She passed away in 1680, but her miracles continue.
Catholic researchers say they’ve received over 100 written accounts of purported miracles attributed to Blessed Kateri Tekakwitha over the years.
So far, none of them has been accepted by the Catholic Church. But a small group of believers is working hard to change that and get Blessed Kateri recognized as a saint.
“In order for a miracle to be officially recognized, all the pertinent medical documents must be provided and the cure must be instantaneous,” said Albert Lazare, office manager of the Kateri Centre in Kahnawake.
Legitimizing a miracle is a long process, according to Paul Lenz, executive director of the Bureau of Catholic Indian Missions in Washington (which represents the Catholic Church in the Native American community).
Lenz has had numerous meetings with Father Jacques Bruyere, the Canadian vice-postulator who is in charge of the Kateri sainthood cause in Canada while working out of the Kateri Centre.
Father Bruyere, for one, hasn’t lost faith. To the contrary. His “Katerigram” published in the latest quarterly edition of “Kateri: Lily of the Mohawks” magazine is entitled “Great Expectations.”
“What will happen tomorrow?” he asks. “We don’t know, but we’re looking forward to something good.”
The Eastern Door newspaper in Kahnawake recently reported that prayers to the Blessed Kateri led to the improbable recovery of a Cochiti woman named White Bull from a 16-year coma following childbirth, just one of many glowing testimonials to Kateri’s healing powers recorded long after her death in 1680.
“Maybe the miracle has finally come up,” said Lenz. “Maybe this is it.”
Lazare cites many other such cases, all of which have been to no avail thus far in getting Kateri officially declared a saint.
“In 1982,” he recalls, “a St-Remi man fell very sick and the doctors said nothing could be done for him.” He was thought to be on his deathbed. “But after prayers to the Blessed Kateri, the man was cured,” Lazare remembers. However, even after all the necessary documents were gathered, the doctors refused to admit it was a miracle, saying it could have been the medicine.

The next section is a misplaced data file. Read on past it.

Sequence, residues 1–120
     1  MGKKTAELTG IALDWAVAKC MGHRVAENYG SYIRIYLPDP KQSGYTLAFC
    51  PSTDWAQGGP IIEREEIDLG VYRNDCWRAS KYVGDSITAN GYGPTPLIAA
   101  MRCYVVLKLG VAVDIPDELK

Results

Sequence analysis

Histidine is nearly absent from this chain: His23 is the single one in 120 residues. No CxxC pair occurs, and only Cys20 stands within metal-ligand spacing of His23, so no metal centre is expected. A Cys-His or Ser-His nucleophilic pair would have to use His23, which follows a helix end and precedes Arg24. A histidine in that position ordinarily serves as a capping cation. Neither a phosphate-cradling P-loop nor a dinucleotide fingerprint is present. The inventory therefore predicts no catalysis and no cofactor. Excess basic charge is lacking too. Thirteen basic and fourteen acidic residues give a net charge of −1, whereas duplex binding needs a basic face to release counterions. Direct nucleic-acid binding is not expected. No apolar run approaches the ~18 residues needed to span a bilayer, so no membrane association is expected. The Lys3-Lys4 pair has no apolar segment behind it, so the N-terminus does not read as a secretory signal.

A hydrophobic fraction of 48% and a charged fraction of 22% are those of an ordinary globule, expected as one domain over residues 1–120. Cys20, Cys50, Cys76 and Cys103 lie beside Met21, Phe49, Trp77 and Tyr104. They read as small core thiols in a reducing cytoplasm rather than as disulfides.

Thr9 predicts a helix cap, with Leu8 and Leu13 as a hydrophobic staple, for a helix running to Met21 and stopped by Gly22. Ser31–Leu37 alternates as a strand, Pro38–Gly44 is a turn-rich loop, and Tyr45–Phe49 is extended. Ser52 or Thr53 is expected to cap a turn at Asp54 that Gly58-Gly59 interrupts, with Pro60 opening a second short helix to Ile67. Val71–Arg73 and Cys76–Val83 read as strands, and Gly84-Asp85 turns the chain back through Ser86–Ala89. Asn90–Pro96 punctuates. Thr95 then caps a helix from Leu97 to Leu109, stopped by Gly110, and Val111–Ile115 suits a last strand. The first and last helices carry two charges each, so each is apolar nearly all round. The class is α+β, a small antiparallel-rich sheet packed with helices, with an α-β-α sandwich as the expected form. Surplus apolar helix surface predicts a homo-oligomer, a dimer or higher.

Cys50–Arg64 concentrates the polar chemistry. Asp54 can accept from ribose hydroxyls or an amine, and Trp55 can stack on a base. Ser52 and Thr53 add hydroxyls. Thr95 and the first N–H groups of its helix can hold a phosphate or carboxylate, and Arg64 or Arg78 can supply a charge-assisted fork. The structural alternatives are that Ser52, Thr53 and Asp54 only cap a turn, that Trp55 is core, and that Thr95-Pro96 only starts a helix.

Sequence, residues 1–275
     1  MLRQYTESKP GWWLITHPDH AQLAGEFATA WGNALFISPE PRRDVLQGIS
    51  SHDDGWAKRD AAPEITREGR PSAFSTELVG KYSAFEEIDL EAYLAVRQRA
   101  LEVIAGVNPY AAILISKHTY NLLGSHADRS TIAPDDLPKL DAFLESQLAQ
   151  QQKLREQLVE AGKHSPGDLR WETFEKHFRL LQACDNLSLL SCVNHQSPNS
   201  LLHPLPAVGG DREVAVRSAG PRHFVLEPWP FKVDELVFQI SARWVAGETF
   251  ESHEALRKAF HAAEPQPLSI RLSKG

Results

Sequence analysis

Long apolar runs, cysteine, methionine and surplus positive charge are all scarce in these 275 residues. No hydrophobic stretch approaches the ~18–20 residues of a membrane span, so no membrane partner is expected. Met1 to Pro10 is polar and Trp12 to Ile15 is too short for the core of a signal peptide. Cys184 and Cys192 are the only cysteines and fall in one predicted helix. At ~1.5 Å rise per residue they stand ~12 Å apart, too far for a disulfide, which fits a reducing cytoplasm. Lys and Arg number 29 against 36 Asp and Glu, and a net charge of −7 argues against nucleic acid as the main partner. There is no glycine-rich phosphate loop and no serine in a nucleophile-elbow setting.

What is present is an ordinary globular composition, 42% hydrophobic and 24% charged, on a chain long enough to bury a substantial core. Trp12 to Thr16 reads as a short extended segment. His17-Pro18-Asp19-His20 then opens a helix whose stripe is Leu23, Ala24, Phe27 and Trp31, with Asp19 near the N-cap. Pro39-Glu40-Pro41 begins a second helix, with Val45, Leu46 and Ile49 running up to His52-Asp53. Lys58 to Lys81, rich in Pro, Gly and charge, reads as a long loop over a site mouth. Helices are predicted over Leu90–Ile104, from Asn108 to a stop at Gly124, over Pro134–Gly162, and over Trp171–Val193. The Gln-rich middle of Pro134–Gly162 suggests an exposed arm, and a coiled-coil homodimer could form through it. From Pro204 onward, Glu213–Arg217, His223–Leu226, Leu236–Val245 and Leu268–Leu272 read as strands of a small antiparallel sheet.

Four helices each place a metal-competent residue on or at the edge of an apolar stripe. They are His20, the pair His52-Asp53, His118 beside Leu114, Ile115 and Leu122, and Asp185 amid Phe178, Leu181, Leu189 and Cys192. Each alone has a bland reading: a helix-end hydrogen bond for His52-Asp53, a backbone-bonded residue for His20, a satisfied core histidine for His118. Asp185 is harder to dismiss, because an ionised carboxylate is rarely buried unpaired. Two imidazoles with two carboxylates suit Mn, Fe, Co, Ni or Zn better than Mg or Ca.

“It’s very difficult to prove a miracle,” Lazare added, an understatement if ever there was one.
“Some 10-15 years ago in Phoenix, a couple’s son was cured from deafness by prayers to Kateri,” he contends. “One man living in New York State overcame a serious heart problem and yet another regained his eyesight after praying to her.”
These are only a handful of testimonials to the Blessed Kateri received at “action central,” otherwise known as the Kateri Centre. A Kahnawake teenager named Brandy Kateri Bush helped intensify a campaign last spring to get at least “50,000 promises of a daily Our Father, Hail Mary and three Glories until the miracle needed for Blessed Kateri’s canonization is obtained and approved.” Over 29,000 pledges were recorded after 10 years’ effort.
Based on the preachings of the Bible, one should be persistent in requesting a miracle. According to Luke 10:27, the basic tenet to be observed when asking for a miracle is this: “Before asking for a cure-one must request it ardently and persistently.”
To support this theory, the Bible quotes a certain judge’s thinking in Luke 18:4: “Since she keeps pestering me, I must give this widow her just rights, or she will persist in coming and worry me to death.”
-Source: The Eastern Door